Virological assessment of hospitalized patients with COVID-2019
Wölfel, R., Corman, V.M., Guggemos, W. et al. Virological assessment of hospitalized patients with COVID-2019. Nature (2020).
Review written by:
Ariel Pourmorady, reviewed by Diogo Teles
Green - published in Nature and peer-reviewed. Although N = 9, they provide sound evidence for their conclusions
SARS-CoV and SARS-CoV-2 are betacoronaviruses with tropism for the ACE2 receptor in the lung. Infection with either virus can cause an ARDS-like syndrome. Unlike SARS-CoV, SARS-CoV-2 is characterized by the additional feature of upper respiratory symptoms in a subset of patients, meaning that site-specific characterization of virus replication, immunity, and infectivity is important. Wolfel et al. recruited 9 COVID-19+ patients all of whom had simultaneous exposure to SARS-CoV-2 from a single index case on January 23rd; were recruited upon first onset of respiratory tract symptoms, generally mild at onset; and were young to middle aged.
Wolfel et al. first sought to identify locations in the body with a detectable viral load as measured by RT-PCR, finding viral RNA in oro/nasopharyngeal swabs, sputum, and stool samples. While viral load varied from person-to-person by orders of magnitude, on average the highest were seen within the first 4-5 days of symptoms. Average sputum viral load was 7 x 10^6 copies/mL and on a pharyngeal swab was 3.4 x 10^6 during the first 5 days of symptoms. Blood and urine were negative for viral RNA at all time points.
Wolfel et al. then aimed to identify the presence and determinants of infectious viral particles. They found that while patients maintained a high viral load in swabs, sputum, and stool for up 2 weeks after symptom onset, infectious viral particles could only be isolated from sputum and pharyngeal swabs in the first 8 days after symptom onset with a background viral load of at least 10^6 copies of viral RNA/mL. Isolation of live virus from stool was never successful.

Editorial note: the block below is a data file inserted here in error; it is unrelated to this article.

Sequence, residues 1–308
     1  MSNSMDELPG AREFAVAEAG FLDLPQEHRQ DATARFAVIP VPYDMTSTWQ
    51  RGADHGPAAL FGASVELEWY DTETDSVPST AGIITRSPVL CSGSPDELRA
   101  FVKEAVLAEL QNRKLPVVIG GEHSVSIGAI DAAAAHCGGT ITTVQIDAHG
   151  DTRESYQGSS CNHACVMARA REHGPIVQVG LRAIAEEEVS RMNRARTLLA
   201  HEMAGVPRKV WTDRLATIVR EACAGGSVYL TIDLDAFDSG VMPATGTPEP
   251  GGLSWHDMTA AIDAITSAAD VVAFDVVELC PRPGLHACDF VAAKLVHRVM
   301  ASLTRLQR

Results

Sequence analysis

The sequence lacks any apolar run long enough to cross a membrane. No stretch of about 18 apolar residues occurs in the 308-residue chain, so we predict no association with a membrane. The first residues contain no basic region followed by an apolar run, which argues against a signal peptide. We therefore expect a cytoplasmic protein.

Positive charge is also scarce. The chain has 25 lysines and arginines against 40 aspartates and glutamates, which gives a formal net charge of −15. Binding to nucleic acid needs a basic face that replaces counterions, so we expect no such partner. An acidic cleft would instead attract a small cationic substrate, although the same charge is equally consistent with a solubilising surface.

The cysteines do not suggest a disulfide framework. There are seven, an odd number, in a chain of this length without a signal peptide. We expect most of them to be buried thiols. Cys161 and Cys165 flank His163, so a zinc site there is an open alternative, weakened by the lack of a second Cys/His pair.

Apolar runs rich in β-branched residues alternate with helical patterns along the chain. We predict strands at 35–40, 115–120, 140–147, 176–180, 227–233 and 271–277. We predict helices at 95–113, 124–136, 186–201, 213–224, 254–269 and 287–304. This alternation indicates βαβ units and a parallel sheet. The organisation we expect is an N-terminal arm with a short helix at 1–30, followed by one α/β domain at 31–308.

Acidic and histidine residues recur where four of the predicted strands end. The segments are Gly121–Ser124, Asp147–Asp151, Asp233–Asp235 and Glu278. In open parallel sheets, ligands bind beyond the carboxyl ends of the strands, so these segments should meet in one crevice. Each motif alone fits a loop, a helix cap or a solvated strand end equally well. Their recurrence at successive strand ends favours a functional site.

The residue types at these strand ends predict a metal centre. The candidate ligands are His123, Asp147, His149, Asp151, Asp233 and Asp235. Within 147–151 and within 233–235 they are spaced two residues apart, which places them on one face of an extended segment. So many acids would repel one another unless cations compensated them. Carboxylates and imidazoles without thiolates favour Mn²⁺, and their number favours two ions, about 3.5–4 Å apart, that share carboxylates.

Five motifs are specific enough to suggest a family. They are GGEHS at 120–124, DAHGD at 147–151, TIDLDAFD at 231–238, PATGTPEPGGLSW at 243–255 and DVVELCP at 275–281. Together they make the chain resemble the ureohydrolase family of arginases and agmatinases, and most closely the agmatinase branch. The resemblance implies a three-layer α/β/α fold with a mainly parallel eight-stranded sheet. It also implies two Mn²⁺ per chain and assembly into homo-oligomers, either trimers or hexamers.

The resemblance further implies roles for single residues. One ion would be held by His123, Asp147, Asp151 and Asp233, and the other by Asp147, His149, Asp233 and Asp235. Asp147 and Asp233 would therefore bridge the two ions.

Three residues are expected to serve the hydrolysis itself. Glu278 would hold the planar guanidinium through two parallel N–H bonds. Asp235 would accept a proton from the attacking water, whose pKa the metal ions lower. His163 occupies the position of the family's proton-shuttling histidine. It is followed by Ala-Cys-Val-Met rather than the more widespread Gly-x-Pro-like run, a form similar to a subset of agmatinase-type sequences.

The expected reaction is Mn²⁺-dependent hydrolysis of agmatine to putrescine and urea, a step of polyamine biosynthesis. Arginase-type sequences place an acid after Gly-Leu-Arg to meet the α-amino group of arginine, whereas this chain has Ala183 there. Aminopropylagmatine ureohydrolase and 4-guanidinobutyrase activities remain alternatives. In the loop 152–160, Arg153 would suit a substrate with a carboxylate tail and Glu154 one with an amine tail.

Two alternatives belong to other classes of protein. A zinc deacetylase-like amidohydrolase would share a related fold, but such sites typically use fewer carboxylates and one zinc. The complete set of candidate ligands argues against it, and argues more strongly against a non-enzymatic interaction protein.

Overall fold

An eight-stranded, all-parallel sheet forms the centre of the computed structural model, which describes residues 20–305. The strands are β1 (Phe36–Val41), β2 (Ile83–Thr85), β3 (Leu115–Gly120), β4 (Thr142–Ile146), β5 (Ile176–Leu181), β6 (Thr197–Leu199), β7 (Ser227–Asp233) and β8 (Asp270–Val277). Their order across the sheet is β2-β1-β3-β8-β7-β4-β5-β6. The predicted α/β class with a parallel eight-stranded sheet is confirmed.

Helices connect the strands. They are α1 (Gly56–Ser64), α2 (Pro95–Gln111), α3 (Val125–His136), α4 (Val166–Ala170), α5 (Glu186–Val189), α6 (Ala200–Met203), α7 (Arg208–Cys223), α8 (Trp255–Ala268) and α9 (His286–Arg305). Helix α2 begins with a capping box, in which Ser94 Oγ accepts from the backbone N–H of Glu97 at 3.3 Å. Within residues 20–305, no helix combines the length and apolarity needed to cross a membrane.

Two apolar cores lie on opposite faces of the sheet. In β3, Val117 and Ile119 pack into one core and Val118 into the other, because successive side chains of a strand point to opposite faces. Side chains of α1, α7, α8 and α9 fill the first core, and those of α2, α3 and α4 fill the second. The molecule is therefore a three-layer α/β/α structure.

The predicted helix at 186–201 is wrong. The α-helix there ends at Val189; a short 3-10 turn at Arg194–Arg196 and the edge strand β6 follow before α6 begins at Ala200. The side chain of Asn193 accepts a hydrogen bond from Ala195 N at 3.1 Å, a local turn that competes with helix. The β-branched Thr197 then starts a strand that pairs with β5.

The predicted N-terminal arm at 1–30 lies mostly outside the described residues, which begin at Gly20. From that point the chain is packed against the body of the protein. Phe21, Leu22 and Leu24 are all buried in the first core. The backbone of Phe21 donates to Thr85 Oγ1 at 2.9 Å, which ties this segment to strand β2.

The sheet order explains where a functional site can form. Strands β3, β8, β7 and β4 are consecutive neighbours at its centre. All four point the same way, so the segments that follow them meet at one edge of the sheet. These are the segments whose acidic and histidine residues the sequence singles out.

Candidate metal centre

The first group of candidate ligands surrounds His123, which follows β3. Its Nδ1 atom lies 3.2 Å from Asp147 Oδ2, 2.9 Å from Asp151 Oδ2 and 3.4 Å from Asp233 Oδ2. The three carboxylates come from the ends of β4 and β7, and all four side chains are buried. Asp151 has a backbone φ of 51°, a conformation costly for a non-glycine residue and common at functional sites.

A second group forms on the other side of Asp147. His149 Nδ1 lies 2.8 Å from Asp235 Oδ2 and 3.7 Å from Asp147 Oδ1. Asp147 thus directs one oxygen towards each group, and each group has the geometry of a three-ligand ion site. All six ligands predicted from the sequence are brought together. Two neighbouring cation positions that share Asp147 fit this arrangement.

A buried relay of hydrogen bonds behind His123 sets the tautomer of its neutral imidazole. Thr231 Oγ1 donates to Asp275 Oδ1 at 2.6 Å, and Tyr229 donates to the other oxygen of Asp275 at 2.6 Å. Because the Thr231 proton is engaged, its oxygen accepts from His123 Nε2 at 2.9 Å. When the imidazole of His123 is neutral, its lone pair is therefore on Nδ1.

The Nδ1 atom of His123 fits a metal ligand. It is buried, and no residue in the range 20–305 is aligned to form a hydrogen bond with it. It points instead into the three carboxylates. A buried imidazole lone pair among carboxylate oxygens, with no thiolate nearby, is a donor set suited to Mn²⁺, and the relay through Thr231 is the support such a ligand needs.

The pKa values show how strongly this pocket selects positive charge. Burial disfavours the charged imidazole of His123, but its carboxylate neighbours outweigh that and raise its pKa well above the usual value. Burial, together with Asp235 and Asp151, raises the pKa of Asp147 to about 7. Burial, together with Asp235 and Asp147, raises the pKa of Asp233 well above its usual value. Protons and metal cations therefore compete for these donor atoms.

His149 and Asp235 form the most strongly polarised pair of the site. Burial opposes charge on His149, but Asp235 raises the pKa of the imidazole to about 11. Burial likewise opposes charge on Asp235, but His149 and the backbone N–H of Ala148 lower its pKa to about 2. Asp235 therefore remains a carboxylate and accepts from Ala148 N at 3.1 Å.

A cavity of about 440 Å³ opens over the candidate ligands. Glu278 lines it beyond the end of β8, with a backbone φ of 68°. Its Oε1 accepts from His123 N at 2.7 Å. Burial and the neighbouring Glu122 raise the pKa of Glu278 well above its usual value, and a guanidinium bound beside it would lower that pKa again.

Since viral RNA and infectious viral particles were present in the pharynx, Wolfel then sought to determine whether there was active infection in the upper respiratory tract. They isolated subgenomic RNA (sgRNA - a measure of intracellularly replicating viral RNA only produced in infected cells) and normalized it to viral genomic RNA (gRNA) to track infection in the pharynx. When measuring sgRNA beginning at day 4-5 after symptom onset, viral replication was observed in sputum until the last measurement on day 11, in the pharynx only on day 4-5, and not at all in stool. These data suggest that active infection begins to wane in the pharynx after day 4-5, but persists in the lungs.
Data from Wolfel et al. support unique populations of infection between the pharynx and lung. They performed full virus genome sequencing in all patients, and in one patient identified a SNP, G6446A, on the pharyngeal swab not seen in the sputum sample. This suggests that there is independent viral replication in the pharynx and the lung, as opposed to simple passive shedding of virus from the lungs via the oropharynx.
Seroconversion occurred by day 7 in 50% of patients and by day 14 in all patients; no live viruses were isolated 7 days after symptom onset, and all patients were able to develop neutralizing antibodies.
Subjects were all young to middle aged, without significant underlying disease and mild clinical course. (This could also be considered a strength, since the majority of patients will only present mild symptoms);
Only 9 patients in the study, small sample size;
All patients were infected with a single genotype SARS-CoV-2 virus; generalizability to other viral subtypes is not addressed;
While sgRNA:gRNA implicitly suggests viral replication at sites of RNA isolation, proving active viral replication requires histopathology of infected tissue samples.